In a frank and freewheeling discussion that touched on everything from frightening federal budget proposals to the future of teacher evaluations, State Education Commissioner MaryEllen Elia assured local union leaders their voices are valued, and this time, upcoming policy changes for standards, curriculum, assessments and teacher evaluation will not be rushed through.
Appearing for the first time at NYSUT's pre-RA Local and Retiree Council Presidents Conference, Elia said she was seriously concerned about developments unfolding in Washington that could cost New York State more than $350 million in funding for students who are most in need.
"I don't think we should be choosing between guns and children," she said, referring to President Trump's proposed budget that beefs up the military yet recommends devastating cuts in education funding. She said the president's so-called "skinny budget" would seriously jeopardize programs that serve the state's neediest students and support teacher preparation, professional development, after-school programs, English language learners and students with disabilities.
"It's important for us all to be proactive," she said, adding that federal discussion around school choice initiatives is "uninformed" and clearly not research-based.
After attending a recent meeting of chief state school officers with U.S. Education Secretary Betsy DeVos, Elia said New York State is moving forward with the understanding that states will have more power to implement standards, curriculum, assessments and teacher evaluation systems with less federal oversight.
"That might be a good thing for us," she said.
She outlined changes underway for the State Education Department and Board of Regents to review and revise standards, curriculum, assessments and teacher evaluations.
Elia, who became education commissioner in 2015, vowed not to repeat the mistakes of the past when policy changes were rushed through, or without teacher input.
She emphasized the only way to move forward successfully is to make sure everyone truly has a voice in the changes. She received big applause when she denounced districts that have insisted teachers follow Engage New York scripted lesson plans. "You shouldn't expect teachers — who are professionals — to have a script," she said. "Doctors aren't given a script. Lawyers aren't given a script."
During the Q&A portion, local leaders repeatedly voiced concerns about lifting time restrictions for grade 3–8 English language arts and math tests. West Irondequoit TA's Scott Steinberg and Lakeland FT's Mike Lillis said some students taking the recent ELA exam spent more than five hours a day on the three-day exams.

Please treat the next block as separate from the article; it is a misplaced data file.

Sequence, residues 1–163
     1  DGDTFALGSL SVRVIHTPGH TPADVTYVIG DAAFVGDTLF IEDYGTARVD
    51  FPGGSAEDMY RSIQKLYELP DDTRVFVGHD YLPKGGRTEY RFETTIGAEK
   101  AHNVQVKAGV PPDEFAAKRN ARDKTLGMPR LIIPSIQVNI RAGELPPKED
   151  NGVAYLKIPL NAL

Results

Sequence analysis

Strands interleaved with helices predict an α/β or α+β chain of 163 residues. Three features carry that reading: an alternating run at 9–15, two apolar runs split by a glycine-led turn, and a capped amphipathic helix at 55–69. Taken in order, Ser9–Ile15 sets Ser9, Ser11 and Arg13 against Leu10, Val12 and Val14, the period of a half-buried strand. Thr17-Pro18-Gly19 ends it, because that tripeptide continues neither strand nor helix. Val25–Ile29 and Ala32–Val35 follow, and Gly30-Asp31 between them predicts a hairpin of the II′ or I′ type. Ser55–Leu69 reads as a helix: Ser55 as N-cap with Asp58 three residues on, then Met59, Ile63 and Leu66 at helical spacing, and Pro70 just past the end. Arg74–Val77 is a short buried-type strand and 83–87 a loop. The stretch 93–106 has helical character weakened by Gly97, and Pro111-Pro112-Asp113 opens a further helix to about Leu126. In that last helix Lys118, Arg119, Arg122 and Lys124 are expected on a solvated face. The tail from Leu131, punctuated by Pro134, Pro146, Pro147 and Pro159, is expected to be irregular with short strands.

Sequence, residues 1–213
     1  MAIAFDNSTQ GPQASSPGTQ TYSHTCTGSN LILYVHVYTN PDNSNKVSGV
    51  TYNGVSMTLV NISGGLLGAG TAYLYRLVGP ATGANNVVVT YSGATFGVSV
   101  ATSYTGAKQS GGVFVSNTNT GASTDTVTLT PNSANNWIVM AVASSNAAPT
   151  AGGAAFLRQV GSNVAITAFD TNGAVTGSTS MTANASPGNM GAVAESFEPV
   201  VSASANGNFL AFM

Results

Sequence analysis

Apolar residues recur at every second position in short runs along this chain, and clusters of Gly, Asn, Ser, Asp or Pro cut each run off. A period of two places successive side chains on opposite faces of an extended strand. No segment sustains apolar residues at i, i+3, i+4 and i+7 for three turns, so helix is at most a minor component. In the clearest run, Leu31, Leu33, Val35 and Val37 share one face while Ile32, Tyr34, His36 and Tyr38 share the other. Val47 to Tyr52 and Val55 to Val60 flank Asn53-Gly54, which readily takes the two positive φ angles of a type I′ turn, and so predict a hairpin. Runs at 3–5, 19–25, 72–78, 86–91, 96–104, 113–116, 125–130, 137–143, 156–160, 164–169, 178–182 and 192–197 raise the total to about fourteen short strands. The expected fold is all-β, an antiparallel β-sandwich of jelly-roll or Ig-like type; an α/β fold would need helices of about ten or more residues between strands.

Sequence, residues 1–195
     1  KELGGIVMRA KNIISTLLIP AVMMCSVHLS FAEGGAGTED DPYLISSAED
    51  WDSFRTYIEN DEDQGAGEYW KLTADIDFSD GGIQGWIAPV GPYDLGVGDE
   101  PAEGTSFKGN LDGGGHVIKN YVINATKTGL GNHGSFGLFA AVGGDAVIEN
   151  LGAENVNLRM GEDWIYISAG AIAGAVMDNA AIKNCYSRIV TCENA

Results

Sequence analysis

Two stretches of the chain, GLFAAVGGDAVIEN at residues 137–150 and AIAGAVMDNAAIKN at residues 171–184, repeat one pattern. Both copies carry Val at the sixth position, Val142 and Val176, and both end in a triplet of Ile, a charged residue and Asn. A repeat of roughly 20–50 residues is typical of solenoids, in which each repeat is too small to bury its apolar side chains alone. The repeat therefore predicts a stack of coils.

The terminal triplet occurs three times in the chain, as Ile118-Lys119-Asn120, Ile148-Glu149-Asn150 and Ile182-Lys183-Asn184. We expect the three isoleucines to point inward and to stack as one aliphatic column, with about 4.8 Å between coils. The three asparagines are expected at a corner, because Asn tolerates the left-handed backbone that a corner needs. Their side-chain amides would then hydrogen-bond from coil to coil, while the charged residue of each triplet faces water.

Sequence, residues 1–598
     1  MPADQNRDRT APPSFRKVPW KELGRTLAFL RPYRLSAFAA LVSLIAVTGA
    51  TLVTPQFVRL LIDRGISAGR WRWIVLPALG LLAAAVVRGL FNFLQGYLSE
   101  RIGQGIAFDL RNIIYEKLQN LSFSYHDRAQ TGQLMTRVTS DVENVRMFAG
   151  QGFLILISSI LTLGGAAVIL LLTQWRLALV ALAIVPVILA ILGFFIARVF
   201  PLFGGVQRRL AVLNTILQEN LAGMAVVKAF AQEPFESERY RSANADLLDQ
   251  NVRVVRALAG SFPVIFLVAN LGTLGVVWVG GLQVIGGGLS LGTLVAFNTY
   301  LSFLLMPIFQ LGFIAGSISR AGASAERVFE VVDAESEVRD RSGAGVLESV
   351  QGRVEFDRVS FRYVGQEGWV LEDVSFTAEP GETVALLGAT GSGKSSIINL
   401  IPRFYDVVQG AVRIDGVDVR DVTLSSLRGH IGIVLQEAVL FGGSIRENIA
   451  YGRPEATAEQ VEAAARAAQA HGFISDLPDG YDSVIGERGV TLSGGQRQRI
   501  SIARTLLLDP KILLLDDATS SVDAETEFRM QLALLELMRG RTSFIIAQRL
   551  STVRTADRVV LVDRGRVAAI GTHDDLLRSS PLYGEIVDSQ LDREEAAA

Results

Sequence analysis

"I'm afraid there's serious abuse being done to students," Lillis said, questioning whether schools are violating the state's law that testing cannot exceed more than 1 percent of a student's school year.
"I plead with you to reconsider the idea of unlimited time," said Utica TA's Cherie Grant. "Four of my students were head-banging on their desks. Unlimited time only exacerbates the distress our students feel."
Elia, who implemented the new policy to take some of the stress off students who felt they didn't have enough time on the tests, said she will look further into the issue.
Peter House of Wayne-Finger Lakes BOCES EA poignantly explained how heartbreaking it is for him to force his special education students to take grade-level state exams. When one of his students, who is on a first- or second-grade math level, was handed a seventh-grade test, the student was reduced to "hitting his head with a calculator saying, ‘I'm stupid,'" House said.
"I don't think that's acceptable," Elia said. She said SED continues to seek a federal waiver for grade-level testing for students with disabilities and English language learners. "That will be part of the ESSA plan we submit," she said.
On teacher evaluation, Elia pledged a "thoughtful, respectful, deliberative and collaborative" revamp, after a standardized test-based evaluation system was temporarily "unplugged" from a misguided state law.
Extending that metaphor, Saranac Lake TA co-president Don Carlisto, a NYSUT Board member, warned Elia that if standardized tests are still tied to teacher evaluations "when we plug back in, many are going to blow their fuse."
Elia said her goal is to make evaluations productive, not punitive. Student learning can be measured in multiple ways, she said.
Beverly Voos, Retiree Council 6, urged Elia to add another priority: encouraging students to enter the teaching profession.
"I am worried about the future of our profession," she said, noting teacher education program enrollments are plummeting.
"I totally agree with you," Elia said. "Forces have been beating up on teachers for the last 15 years and we have to counterbalance that ... We have to change the environment so teachers feel supported ... and people understand teaching is more important than any other profession."